7. I get on my principal's staff meeting agenda at the first of the year and give a 5-minute talk about allergies and demonstrate the EpiPen. I also give a presentation to my son's class, and all the teachers and aides he comes into contact with. If you're not comfortable doing this, ask if there are other allergic parents that you can contact. Talk to them about ways to teach the teachers -- maybe another mom would be willing to give the presentation if you make the photocopies. It's easier when there are two of you involved!

8. Remember, In Utah, your child can legally carry his EpiPen. But he probably can't administer it to himself in an emergency, so make sure the teachers and everyone else know where it is and how to use it. My son carries his in his backpack so that it's always in the classroom, and I also fill a second prescription and they keep it in the office. So he has two sets at school. (I also attach a luggage tag with his photo on it to his backpack, so the teacher can find his backpack in a hurry.)

9. If he's going to be having lunch at school, talk to the Lunch Lady and cafeteria monitor. Introduce your child, tell her what your child is allergic to, and let your child know that the Lunch Lady is a friend that will help keep him safe. Then remember the Lunch Lady and the cafeteria monitor on holidays with little thank you cards or gifts to show you appreciate them. Few people do that. But it will help keep your child's food issues fresh in their mind, and they'll get to know him well.

10. Ask about setting up a food table just for allergic kids. All that’s required is a table with a sign that says "Food Allergies Only," and the cafeteria monitors clean it with a separate marked bucket and cloth. Don’t let them make your child eat in a separate room or the principal’s office. He shouldn’t be punished just because he’s allergic to some foods! Ask the principal to mention the allergy table in a newsletter or other information that goes home with kids at the beginning of the year. You may find other kids with allergies expressing an interest in sitting at the table if they know it’s available.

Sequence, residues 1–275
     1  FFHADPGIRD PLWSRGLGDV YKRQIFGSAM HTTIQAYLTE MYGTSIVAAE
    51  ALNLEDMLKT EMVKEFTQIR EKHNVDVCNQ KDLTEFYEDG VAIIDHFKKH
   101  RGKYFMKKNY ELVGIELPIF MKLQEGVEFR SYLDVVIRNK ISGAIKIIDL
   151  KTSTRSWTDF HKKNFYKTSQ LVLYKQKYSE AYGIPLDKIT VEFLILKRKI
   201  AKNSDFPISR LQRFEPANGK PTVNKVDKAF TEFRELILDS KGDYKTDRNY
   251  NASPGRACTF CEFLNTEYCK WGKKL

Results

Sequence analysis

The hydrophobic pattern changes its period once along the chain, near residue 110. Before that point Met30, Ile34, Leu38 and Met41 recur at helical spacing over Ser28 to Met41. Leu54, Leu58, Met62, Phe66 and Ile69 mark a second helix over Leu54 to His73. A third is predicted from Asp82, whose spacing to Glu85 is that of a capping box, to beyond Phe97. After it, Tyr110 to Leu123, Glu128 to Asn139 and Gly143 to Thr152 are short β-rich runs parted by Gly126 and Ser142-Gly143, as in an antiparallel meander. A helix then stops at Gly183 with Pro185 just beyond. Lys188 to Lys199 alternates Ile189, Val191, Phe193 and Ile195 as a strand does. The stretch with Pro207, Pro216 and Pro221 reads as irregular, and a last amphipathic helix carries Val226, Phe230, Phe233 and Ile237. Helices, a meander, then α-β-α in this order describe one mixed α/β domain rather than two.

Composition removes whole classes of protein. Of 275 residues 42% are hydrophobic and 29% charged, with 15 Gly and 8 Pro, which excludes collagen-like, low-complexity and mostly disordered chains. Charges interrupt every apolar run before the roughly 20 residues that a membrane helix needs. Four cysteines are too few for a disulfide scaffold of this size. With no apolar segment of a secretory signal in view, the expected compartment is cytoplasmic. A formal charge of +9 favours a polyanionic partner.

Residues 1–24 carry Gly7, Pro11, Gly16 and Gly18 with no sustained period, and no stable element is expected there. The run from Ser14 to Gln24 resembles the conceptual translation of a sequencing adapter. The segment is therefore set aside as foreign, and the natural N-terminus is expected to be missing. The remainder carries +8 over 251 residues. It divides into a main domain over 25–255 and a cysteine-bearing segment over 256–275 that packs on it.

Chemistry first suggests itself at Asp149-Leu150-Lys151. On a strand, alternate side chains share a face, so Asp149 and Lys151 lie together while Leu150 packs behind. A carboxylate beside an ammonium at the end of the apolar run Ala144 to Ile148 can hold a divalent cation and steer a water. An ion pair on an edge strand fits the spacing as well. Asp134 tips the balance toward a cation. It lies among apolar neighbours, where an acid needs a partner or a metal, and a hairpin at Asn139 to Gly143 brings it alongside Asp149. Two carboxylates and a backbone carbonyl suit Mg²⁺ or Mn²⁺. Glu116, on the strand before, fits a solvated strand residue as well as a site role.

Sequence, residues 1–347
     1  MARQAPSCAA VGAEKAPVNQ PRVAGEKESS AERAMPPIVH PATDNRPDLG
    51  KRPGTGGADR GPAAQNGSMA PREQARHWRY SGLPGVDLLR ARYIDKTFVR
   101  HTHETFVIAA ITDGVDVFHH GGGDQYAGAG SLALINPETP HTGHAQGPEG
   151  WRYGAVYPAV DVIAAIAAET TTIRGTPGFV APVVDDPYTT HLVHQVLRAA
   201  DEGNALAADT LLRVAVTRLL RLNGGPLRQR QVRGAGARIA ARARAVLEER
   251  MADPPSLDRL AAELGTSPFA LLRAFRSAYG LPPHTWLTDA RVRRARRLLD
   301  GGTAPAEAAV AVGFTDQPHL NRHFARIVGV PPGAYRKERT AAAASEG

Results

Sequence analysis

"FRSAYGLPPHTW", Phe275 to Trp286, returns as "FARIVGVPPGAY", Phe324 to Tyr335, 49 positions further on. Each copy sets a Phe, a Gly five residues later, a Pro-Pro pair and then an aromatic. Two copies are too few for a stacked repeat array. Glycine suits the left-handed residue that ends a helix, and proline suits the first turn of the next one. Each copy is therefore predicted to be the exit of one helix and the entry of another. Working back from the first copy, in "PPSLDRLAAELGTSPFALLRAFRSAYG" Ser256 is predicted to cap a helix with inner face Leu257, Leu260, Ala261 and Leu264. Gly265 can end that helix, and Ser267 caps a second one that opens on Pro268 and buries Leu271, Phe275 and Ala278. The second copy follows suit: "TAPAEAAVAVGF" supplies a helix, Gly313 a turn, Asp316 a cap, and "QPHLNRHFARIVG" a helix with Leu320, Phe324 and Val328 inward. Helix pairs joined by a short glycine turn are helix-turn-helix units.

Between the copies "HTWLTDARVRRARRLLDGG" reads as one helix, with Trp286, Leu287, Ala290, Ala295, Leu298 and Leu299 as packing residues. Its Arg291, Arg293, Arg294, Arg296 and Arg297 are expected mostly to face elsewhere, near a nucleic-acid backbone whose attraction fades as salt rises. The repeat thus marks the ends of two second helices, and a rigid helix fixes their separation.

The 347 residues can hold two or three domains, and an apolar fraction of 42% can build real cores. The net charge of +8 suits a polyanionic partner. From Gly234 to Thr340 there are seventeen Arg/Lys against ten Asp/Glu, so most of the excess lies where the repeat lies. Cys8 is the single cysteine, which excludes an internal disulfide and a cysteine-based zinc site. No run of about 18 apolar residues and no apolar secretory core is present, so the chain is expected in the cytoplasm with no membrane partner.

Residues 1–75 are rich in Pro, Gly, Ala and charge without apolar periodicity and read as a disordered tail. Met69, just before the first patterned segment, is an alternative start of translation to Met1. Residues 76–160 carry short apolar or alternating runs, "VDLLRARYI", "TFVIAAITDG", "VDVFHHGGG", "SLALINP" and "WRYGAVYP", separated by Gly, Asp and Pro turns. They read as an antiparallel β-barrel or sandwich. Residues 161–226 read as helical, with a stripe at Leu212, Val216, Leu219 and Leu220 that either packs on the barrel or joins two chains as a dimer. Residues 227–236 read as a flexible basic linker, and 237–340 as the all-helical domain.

11. Ask the parents of your child’s friends to send safe lunches with them every once in a while, so they can eat with your child. Make it a fun place to be!

12. Most peanut-allergic kids don’t react to the smell of peanut butter in the air, but a few do. If you are worried if your child will react to the air in the cafeteria, ask to take him in for a “practice run.” Sit in the cafeteria for half an hour and see if he reacts. If he doesn’t, cross that worry off your list.

13. Eat lunch with him for the first few days. That will reassure both of you that you can both handle this!

14. Talk to the teacher about which cafeteria door your child should use to avoid peanut butter contact (usually the one furthest from the playground), where to put his lunch bag after lunch, and where his EpiPens will be.

15. Remind your child NOT to throw away his lunch trash. Tell him to bring it home in his lunch bag, so that he can avoid using the trash can. If another kid slam-dunks a half-full milk carton in the trash can, you don’t want your milk-allergic child to get splashed.

16. As I mentioned in the Back-to-School Shopping List post, consider ordering medical alert jewelry to alert teachers and other staff about your child’s allergy. Sometimes, it’s a good visual reminder to the teacher to stop and think about food. (But not always – sometimes you see something so often you stop seeing it, you know what I mean?) Try American Medical ID or Sticky J for some great kids' bracelets, necklaces, and charms.

17. Take some safe treats to school to leave in the teacher's classroom, in case there's a birthday celebration and your child can't eat the cupcakes.

18. Be aware and be prepared, but don't panic! School is going to be a lot of fun, and your child will do just fine. And believe it or not, so will you!